manner, and with what degree of accuracy, such a subject could be treated by a foreigner. Though no great adept in the myftery of finance, I was satisfied, that, with regard at leaft to the debts and resources of England, I must know more of the matter than he did, This opinion will not appear very presumptuous to any man, who has had an opportunity of conversing with foreigners, especially the French, upon the internal state of our affairs, and who knows how ignorant they are in general of a subject, on which they nevertheless are at all times ready to decide. This, however, I found was not the cafe with the work before me. The Author appeared to be a man of abilities, who had taken considerable pains to be informed. His principal object seems to have been to support the credit of the English funds against the prejudices, the ignorance, and the malig, nity of the French. At the same time, though he takes part with England upon this question, it is evidently not from partial or interested morires, but from a thorough conviction of the truth of his doctrine. In other instances he is the friend of France. In all inItances he is the friend of mankind. This favourable character is 'not meant to include the idea of infallible. The system he supports may be true in the main, though not logically demonstrated; or it may be utterly false, though ingeniously defended. At any rate, considering the quantity of foreign property vested in our funds, and how much it behoves us to support the reputation of parliamen, tary faith, and national security, in the eyes of foreigners, a work of this nature cannot be indifferent to the public. Every argument, that tends to maintain the juft superiority of our credit over that of other European nations, particularly of France, deserves to be encouraged ; and this is a subject, on which a foreigner will be more readily believed abroad than an Englishman; with respect to the English reader, I will not venture to promise him much information in matters of fact; but his mind will probably be led to a new train of thought upon a question of infinite national importance, and which hitherto seems hardly ever to have been considered but in one point of view. The declamations againīt the pernicious effects of the national debt have not been confined to the discourses of the vulgar, or to the wisdom of the news papers. Some of the ableft men in the kingdom have treated the subject with as much popular violence and passion, as if it would not bear an argument, or as if truth and reafon were unquestionably on their lide, and nothing but ignorance and madness on the other.'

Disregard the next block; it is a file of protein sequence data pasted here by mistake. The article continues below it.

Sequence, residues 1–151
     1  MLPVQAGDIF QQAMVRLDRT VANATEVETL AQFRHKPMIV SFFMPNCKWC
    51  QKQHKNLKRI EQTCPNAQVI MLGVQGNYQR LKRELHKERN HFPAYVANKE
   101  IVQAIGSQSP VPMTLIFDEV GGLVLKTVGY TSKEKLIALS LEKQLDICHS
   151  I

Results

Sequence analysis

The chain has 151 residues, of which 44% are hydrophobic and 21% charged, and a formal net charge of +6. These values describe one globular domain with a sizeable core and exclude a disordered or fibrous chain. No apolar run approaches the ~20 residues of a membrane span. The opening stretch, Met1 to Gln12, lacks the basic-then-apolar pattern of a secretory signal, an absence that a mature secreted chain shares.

How far this last reflection is well founded, we leave the Public, before whom the evidence lies, to determine : and shall proceed to give a general abstract of our Author's system and reasoning. The following anecdote relating to the Author may be new to some of our Readers; and we Thall therefore tran. fcribe it:

A millake in that article of the preliminaries of the laft treaty with France, which relates to the poffeffions of the two East-India companies, was fortunately observed by Monsieur De Pinto, and communicated to the late duke of Bedford. This anecdote is highly honourable to the duke's memory. He saw, and acknowledged the

importance